AMSTERDAM (AP) â¿¿ The Netherlands' queen and the outgoing prime minister presented an austere annual budget on Tuesday that cuts spending on health care, immigrants, and government workers â¿¿ a foretaste of more far-reaching cuts likely to come under the conservative Cabinet now being formed.
At the start of an afternoon full of ceremonies, rituals and conspicuous hats, Queen Beatrix rode through the streets of The Hague in her gold-trimmed horse-drawn carriage, waving to thousands of fans who lined the route leading to the 13th-century Hall of Knights.
In her speech to both houses of Parliament, she outlined the government's plans for the year ahead â¿¿ despite the lack of a new Cabinet 104 days after national elections.
"A far-reaching package of cuts is necessary now to improve the position of our country in the long term," she said, reading a text written by outgoing Prime Minister Jan Peter Balkenende.
Balkenende's budget targets euro1.8 billion ($2.4 billion) in spending cuts in 2011, reducing the deficit to euro19.7 billion or 4.0 percent of economic output next year.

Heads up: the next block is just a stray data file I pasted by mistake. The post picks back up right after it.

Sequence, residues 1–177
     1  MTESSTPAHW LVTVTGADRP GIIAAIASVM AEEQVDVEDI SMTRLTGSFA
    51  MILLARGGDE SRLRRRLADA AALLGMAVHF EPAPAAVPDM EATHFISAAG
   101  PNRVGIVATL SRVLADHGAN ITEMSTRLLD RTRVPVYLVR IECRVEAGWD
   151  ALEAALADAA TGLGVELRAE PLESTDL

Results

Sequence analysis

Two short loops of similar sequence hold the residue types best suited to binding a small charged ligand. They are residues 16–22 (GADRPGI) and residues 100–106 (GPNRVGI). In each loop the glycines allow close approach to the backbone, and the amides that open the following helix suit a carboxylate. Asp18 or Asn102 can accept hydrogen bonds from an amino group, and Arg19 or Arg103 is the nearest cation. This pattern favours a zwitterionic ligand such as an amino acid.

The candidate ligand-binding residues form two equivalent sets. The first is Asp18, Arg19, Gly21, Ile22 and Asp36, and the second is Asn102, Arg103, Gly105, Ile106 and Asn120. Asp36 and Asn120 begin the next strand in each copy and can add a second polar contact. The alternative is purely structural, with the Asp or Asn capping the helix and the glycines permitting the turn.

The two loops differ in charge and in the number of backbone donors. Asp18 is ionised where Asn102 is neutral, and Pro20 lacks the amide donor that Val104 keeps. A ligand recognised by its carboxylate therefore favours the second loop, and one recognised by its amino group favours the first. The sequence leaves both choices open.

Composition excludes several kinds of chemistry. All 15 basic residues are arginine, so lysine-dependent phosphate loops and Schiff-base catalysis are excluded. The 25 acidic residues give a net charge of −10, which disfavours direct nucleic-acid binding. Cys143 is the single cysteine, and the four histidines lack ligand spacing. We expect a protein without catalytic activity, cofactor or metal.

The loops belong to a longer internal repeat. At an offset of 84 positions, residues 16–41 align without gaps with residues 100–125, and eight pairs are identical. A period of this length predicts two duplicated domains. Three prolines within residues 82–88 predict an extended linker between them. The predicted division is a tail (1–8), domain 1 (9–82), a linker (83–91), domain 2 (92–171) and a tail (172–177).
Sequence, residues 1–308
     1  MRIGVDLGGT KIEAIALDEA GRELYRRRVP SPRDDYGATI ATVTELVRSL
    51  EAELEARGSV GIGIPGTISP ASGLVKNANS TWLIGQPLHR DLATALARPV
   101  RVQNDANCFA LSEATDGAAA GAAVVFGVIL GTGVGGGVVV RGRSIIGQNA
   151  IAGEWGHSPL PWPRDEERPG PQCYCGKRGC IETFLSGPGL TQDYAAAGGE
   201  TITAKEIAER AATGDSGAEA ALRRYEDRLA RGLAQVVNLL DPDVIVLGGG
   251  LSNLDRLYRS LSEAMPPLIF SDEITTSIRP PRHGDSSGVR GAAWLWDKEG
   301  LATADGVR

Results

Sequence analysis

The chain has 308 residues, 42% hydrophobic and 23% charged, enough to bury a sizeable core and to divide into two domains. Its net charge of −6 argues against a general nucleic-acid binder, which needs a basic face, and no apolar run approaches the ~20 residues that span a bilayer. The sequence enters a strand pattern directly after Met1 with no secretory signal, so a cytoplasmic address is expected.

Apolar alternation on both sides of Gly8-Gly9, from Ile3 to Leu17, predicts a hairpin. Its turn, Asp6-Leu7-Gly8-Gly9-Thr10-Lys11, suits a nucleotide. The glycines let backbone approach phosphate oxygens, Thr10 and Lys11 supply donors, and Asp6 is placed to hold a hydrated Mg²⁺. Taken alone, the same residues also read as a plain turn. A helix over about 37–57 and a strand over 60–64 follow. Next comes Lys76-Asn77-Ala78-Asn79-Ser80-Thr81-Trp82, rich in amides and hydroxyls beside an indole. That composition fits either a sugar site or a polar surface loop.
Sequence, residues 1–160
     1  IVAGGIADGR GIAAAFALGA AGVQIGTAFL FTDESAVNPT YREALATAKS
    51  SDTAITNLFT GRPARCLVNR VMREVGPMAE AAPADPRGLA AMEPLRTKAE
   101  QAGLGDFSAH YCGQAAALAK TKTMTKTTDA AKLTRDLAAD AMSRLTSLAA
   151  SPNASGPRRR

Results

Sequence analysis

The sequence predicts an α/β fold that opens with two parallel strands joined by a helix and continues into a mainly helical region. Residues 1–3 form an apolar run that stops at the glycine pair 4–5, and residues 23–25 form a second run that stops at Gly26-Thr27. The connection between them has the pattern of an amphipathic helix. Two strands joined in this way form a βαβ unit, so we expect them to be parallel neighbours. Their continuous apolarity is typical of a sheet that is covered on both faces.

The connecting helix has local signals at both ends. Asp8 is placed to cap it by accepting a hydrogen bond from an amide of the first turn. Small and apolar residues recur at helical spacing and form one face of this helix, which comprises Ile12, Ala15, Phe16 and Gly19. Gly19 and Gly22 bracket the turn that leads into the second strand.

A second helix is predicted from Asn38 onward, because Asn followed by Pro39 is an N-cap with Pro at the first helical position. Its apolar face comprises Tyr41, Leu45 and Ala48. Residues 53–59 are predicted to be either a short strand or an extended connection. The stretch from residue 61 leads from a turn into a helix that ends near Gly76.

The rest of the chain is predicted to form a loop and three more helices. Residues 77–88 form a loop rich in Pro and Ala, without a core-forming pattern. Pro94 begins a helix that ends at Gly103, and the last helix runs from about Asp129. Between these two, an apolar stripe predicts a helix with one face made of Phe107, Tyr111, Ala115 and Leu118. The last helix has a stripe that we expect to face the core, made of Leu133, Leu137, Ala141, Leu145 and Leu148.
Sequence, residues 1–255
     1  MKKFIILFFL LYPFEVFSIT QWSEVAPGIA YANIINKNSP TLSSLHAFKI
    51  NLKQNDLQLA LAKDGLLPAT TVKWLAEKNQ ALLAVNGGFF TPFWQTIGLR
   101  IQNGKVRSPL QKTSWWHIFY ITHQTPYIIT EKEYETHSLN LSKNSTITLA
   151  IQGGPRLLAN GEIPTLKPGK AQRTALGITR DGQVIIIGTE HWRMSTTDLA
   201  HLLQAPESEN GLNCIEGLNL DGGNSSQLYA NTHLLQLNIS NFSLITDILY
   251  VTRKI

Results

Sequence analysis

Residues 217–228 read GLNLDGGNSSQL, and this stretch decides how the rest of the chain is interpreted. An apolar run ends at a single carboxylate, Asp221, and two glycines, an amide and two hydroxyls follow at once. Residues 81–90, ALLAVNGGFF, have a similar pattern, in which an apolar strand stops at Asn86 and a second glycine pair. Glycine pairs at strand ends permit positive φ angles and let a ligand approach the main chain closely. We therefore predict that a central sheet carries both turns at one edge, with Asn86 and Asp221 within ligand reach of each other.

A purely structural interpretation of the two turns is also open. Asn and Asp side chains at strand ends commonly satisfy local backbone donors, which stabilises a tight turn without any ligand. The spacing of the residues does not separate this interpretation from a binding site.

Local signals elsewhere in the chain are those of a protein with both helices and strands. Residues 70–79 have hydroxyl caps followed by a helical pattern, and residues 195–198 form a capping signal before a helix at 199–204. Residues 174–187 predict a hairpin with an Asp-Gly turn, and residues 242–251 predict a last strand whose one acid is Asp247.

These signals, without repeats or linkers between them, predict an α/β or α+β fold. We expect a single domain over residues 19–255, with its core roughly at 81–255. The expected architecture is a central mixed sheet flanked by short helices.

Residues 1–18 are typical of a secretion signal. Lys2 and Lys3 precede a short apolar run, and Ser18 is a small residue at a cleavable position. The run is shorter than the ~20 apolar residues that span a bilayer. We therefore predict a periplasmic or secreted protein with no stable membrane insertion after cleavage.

The major savings in the budget presented Tuesday include increasing patient health care payments, slowing pay raises for government employees to below the inflation rate, and reducing a tax break for child care.
In a nod to the anti-immigrant sentiment prevalent among many Dutch, it also reduces the amount of funding for language and citizenship classes that were made mandatory for immigrants by the outgoing administration. Immigrants will have to cover the gap.
Mark Rutte, who is likely to become the next prime minister after his free-market VVD party finished first in the June elections, praised the cuts as a "good start." He said he hopes to cut another euro16 billion by 2015.
The minority Cabinet under negotiation includes the VVD and Balkenende's Christian Democrat party, with outside support from the fast-growing anti-Islam Freedom Party.